My Thoughts

Yet, the story is not just the narrative, but the characters that people Francie’s life: the teacher who at first encouraged her writing until she started writing the truth about her hard life, who then told her writing is supposed to be full of beauty; her aunt Sissy, the ‘floozie’ who married three times, had 10 children that died at birth, yet is the family member everyone turns to in times of crisis; the Jewish and German shop keepers with whom Francie deals, who can be gruff and mean to the poor children one minute only to give them something extra the next; her father Johnny who she is so close to, yet for all his patriotism about freedom, is never able free himself from his addiction; Katie, who wanted to make a different world for her children, took her mother’s advice to read from the Bible and Shakespeare,

“…every day you must read a page of each to your child—even though you yourself do not understand what is written down and cannot sound the words properly. You must do this that the child will grow up knowing of what is great—knowing that these tenements of Williamsburg are not the whole world.

And the titular tree that grows tall throughout Williamsburg like an umbrella, because “it likes poor people” has the tenacity to succeed like the human inhabitants because when it is cut down, will find a break in the cement, push through it and grow again.

The book was published in 1943 when, although the soldiers didn’t know it, was right in the middle of the war. They were not that far removed from their own immigrant past, the tales of the ‘old country’ that were still real for their parents and grandparents. So, it is fair to say that this novel is really a story of immigrant America, how each generation built it up from the succeeding one.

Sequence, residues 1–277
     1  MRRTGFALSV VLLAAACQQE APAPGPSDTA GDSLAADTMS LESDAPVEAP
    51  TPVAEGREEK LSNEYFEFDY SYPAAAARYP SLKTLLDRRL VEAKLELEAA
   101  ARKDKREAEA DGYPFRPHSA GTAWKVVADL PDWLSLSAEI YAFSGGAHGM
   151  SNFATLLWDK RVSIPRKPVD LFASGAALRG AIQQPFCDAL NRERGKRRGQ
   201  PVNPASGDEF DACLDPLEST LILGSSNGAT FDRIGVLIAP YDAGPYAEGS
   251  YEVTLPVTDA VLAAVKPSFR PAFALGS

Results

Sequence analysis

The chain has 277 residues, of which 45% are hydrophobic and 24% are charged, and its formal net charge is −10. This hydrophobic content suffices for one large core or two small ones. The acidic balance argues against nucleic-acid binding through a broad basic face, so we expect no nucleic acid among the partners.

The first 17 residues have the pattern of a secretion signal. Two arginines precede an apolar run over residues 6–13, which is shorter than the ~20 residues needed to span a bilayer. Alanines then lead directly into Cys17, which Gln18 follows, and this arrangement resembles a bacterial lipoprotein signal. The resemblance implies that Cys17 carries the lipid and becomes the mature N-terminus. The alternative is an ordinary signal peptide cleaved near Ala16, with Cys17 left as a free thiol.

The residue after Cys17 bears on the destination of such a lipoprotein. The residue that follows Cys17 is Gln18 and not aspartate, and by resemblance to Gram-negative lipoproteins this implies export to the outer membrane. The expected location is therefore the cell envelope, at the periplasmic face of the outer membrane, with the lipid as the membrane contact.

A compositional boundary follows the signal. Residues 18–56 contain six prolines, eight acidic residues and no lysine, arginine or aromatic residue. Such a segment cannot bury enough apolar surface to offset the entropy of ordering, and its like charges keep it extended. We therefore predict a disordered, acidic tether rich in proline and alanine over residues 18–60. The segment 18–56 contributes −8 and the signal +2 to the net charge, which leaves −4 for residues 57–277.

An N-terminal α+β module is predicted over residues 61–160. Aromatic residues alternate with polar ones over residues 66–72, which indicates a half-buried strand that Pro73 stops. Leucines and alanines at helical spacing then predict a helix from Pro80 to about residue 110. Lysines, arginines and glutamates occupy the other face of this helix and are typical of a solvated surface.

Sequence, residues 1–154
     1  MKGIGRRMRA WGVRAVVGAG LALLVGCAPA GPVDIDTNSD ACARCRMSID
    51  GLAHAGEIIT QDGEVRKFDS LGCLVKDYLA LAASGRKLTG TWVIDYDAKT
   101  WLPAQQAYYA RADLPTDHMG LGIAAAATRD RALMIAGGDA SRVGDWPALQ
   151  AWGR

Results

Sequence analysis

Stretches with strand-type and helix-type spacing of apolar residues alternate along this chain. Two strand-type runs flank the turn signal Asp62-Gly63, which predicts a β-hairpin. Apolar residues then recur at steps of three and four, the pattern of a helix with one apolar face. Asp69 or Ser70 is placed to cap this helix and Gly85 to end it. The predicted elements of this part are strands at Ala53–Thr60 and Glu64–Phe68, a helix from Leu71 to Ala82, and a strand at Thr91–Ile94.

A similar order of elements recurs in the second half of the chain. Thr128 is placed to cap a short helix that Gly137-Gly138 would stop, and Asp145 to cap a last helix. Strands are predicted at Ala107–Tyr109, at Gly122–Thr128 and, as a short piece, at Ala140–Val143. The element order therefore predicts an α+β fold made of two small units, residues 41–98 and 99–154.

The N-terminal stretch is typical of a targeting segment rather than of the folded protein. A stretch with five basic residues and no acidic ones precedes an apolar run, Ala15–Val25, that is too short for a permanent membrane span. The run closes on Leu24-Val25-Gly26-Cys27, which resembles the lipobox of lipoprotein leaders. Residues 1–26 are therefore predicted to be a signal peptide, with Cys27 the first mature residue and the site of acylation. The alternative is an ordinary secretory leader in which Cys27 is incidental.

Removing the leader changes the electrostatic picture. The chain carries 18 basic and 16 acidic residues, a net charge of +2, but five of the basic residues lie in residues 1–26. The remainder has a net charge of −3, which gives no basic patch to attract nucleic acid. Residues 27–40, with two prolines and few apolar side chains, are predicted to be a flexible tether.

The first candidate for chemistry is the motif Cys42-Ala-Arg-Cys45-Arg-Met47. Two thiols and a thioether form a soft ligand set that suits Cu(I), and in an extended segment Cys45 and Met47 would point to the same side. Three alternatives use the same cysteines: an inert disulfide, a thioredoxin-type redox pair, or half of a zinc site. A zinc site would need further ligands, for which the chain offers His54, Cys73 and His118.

And which may be why the book was so heavily traded among soldiers who saw in the pages their own mother and sister who kept the family together, whose fathers worked any job they could get, a little brother they missed; the same immigrant neighbors, who regardless of their poverty, knew America could give their children freedom, the ability to determine their own destiny which set America a part from the enemies they were fighting.

_____________

Classics Club, Mount TBR

The Last and the First

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The Lone Crow

This is one of my favorite times of the year. I really get into the ‘letting go of the old and making plans for the new.’ And there is so much to let go of this year personally, professionally and from what I take in from the larger world.

I won’t beat around the bush on that last one. The election of Donald Trump has driven me into a frenzy of panic and lashing out at times. I have used Twitter to bash and malign, using turns of phrase I didn’t know I had in me. I have mimicked and mocked liked the best of them. Then I got up from my laptop feeling sick, icky and like I needed a really hot germ-banishing shower. Just because I CAN say those things, doesn’t mean I have to. While I am not stepping out of the Trumpian fray altogether, I am not going to use Twitter like that anymore.

I don’t make specific resolutions. Each year I look at what worked and what didn’t, what needs to be let go of or maybe just needs a tweak. In these last few months I have been creating a business that has had its ups and downs, so I am working hard on those tweaks. I have found myself rather isolated because of that, which has put my ‘work to socializing’ indicator out of whack, so I want to balance that out.

I also need to hike and trail walk more and get out on my bike regularly. I will continue to buy my bread from my favorite bakery (so I take that back, I did make this resolution in 2014 and I am still doing it!) and take more day trips.

 

busbook
Have more adventures in 2017!

 

In regards to Relevant Obscurity, I am so happy with the connections I have made with other bloggers, the conversations we’ve had and the posts that taught me something new. I enjoyed the challenges I participated in that expanded my knowledge of authors and their work, which in turn has helped to shape what I want to read next year. I plan to expand my posts a bit to include some of the nonfiction history, biography and religion I read. I’ve entered several new challenges, which will all necessitate a more regular posting schedule…thinking positive about that!

 

house7
I will read more books at the beach in 2017!